Cami Christopher, MPH, a research scientist in the Department of Medical Oncology, Population Sciences, will present findings suggesting that a moderate to vigorous aerobic and resistance exercise program can improve a key aspect of heart function in survivors of breast, prostate, and colorectal cancer. Cancer survivors are at increased risk of cardiovascular problems such as atherosclerosis, high blood pressure, and heart failure due to the damaging effects of some cancer therapies. In this study, 90 survivors of breast, prostate, or colorectal cancer who were overweight and had completed chemotherapy and/or radiation therapy received either a circuit, interval-based exercise program or standard post-treatment care. Investigators found that, over a four-month period, vascular function improved significantly in the exercise group compared to the standard-care group. Christopher will present "Effects of a circuit, interval-based exercise program on vascular function among cancer survivors" in the Clinical Research, Prevention/Early Detection/Interception, Survivorship Poster Session (Presentation 6290; Poster Board 1) on Tuesday, April 9, 2024, 4:30-8:00 p.m. ET/1:30-5:00 p.m. PT.

Study provides first large-scale look at genetic architecture of prostate cancer in Sub-Saharan Africa

Timothy Rebbeck, PhD, the Vincent L. Gregory Professor of Cancer Prevention, led the first large-scale genomic analysis of prostate cancer in sub-Saharan Africa which revealed that the genetic architecture of the disease – its basic underpinnings in abnormalities in DNA – is unique to Africa and varies across the continent. All lab work and participant accrual for the study were conducted on the continent, a landmark in the effort to build cancer research capacity in Africa. Researchers examined the evolutionary history of regions of the genome associated with prostate cancer, developed a new method of gauging prostate cancer risk, and inferred ancestry-related genetic architectures in 3,393 men with prostate cancer and 3,509 men without the disease in Ghana, Nigeria, Senegal, South Africa, and Uganda. They identified 15 abnormalities at three locations on the genome that were broadly linked to prostate cancer, including four that had not previously been identified. Rebbeck will present "Genetic architecture, evolutionary genomics, and genomic risk of prostate cancer in sub-Saharan Africa" in the Prevention/Early Detection/Interception, Population Sciences Poster Session (Presentation 774; Poster Board 1) on Sunday, April 7, 2024, 4:30-8:00 p.m. ET/1:30-5:00 p.m. PT.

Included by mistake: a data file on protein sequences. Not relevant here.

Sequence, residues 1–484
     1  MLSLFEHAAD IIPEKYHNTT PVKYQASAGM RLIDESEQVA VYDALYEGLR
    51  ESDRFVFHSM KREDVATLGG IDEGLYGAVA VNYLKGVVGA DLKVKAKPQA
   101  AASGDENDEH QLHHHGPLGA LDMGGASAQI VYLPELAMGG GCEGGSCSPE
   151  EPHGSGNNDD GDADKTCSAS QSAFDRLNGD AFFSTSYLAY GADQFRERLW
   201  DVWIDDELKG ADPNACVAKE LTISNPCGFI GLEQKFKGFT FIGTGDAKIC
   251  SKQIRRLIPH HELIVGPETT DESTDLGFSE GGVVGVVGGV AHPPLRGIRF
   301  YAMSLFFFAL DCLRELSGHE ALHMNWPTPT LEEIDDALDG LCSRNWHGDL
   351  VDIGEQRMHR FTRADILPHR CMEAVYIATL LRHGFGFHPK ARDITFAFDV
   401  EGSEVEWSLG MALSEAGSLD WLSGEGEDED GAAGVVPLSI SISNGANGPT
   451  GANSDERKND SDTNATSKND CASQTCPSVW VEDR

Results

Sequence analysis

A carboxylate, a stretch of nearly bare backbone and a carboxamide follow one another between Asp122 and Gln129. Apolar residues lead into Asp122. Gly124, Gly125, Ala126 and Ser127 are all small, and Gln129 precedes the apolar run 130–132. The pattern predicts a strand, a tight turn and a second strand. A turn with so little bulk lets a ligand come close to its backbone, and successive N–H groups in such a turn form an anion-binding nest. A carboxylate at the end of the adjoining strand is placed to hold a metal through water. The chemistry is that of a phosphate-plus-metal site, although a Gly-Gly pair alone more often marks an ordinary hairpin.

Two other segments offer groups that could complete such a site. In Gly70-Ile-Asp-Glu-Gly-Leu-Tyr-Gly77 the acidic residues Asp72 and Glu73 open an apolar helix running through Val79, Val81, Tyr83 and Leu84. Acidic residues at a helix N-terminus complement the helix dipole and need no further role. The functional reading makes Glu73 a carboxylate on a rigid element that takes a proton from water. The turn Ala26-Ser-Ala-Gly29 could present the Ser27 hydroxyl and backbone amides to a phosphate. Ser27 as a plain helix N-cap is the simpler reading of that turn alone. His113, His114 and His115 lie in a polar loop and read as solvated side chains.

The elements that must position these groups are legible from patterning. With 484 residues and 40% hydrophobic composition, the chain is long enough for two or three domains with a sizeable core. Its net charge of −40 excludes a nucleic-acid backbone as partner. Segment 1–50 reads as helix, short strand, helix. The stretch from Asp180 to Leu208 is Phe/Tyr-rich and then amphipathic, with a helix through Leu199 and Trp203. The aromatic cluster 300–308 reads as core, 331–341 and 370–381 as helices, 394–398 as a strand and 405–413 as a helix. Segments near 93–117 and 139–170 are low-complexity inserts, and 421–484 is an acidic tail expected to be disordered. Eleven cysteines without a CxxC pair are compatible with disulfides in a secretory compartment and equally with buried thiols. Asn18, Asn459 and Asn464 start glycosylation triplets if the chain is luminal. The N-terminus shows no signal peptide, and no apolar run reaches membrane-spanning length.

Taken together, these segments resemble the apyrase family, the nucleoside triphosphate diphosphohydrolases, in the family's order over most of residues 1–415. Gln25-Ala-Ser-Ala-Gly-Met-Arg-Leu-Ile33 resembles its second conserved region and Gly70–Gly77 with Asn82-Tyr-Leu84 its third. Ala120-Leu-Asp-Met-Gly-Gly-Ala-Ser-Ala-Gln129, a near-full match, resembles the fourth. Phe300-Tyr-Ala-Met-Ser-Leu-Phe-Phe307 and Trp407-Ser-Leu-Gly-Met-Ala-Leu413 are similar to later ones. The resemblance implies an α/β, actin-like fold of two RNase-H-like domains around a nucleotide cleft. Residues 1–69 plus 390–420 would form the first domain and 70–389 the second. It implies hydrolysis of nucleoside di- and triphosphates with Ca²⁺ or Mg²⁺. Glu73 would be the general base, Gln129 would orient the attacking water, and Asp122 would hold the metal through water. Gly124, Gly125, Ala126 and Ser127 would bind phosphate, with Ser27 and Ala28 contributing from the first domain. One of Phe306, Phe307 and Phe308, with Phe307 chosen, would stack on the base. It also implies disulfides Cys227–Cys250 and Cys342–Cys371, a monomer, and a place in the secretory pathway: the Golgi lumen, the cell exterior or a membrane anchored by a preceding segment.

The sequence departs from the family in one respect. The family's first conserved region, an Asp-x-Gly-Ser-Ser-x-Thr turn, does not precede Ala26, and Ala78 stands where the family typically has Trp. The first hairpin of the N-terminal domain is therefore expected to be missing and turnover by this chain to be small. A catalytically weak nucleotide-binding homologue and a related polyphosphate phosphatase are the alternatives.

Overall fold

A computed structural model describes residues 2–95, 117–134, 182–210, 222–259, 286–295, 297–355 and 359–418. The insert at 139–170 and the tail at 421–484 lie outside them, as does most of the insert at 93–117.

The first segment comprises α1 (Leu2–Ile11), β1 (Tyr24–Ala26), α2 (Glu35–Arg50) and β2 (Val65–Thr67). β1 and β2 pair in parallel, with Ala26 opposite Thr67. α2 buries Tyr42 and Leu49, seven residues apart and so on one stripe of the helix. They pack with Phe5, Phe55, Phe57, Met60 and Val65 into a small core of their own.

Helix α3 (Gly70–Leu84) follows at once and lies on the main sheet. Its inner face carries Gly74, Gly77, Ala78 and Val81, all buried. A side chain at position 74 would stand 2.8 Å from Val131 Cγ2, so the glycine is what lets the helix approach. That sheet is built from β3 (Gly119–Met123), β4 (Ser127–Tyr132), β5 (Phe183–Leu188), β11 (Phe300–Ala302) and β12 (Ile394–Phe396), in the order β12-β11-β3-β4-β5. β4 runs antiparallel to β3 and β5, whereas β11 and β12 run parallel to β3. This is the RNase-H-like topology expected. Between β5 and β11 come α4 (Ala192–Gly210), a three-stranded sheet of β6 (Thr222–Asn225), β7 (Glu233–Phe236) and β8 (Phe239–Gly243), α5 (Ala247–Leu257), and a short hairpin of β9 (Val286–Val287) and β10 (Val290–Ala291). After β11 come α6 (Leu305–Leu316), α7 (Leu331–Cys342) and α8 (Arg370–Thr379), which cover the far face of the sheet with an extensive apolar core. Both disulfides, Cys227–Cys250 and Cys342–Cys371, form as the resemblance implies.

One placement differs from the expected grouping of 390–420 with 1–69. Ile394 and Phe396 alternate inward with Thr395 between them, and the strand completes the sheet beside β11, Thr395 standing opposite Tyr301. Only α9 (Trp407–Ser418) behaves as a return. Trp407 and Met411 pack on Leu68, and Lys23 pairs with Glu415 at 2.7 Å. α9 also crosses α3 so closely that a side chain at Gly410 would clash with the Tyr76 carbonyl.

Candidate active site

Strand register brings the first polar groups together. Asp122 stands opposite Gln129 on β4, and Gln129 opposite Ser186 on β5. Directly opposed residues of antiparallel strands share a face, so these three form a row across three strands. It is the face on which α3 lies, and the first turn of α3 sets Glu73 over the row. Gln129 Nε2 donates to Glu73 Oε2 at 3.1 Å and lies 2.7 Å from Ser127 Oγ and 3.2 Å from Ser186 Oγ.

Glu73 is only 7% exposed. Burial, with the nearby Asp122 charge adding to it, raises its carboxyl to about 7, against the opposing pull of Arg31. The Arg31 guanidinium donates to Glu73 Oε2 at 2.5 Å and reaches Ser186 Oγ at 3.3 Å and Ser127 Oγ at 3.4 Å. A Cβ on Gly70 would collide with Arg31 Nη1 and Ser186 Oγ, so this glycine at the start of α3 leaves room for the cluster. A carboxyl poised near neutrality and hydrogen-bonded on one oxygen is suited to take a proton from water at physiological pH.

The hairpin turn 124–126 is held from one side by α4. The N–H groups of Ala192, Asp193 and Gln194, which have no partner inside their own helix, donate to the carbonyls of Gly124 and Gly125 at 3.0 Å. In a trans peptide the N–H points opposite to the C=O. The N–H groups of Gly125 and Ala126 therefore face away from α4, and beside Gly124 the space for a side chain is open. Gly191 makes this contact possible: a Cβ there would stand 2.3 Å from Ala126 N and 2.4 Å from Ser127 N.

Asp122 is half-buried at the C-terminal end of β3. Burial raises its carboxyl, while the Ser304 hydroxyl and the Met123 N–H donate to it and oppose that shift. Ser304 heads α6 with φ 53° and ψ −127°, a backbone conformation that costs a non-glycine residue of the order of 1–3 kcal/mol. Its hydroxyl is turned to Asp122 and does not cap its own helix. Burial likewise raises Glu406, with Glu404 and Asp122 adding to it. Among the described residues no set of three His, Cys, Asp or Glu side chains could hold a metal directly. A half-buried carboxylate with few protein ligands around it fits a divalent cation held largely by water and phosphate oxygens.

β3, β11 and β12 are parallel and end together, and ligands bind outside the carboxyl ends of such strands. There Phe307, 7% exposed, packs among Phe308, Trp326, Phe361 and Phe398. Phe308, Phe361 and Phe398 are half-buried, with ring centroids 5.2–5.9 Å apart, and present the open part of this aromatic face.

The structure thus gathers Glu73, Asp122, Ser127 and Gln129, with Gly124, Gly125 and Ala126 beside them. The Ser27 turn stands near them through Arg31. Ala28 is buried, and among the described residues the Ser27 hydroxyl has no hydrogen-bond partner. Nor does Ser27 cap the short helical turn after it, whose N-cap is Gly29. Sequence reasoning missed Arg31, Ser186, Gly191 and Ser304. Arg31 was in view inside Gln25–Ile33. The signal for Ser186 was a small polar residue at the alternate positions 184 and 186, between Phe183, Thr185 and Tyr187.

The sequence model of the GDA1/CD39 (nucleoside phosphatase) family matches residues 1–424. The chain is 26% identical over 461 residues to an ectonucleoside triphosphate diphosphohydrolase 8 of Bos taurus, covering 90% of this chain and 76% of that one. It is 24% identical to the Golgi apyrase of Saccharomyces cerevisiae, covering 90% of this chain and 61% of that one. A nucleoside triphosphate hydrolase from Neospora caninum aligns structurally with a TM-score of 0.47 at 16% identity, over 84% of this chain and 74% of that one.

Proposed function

View the full list of Dana-Farber-led research at AACR.

In addition, the AACR will recognize Rebbeck, Christopher D.M. Fletcher, MD, FRCPath, David S. Pellman, MD, and Gordon J. Freeman, PhD, with 2024 Scientific Achievement Awards during the Annual Meeting. In December 2023, Kornelia Polyak, MD, PhD, FAACR, received the 2023 AACR Distinguished Lectureship in Breast Cancer Research at the San Antonio Breast Cancer Symposium.

For all AACR-related media inquiries, contact Ellen Berlin, Senior Director, External Communications at ellen_berlin@dfci.harvard.edu or 617-750-8884. Follow the meeting live on X using the hashtag #AACR2024 and follow Dana-Farber News on X at @DanaFarberNews.

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Dana-Farber Cancer Institute featured research at AACR Annual Meeting 2024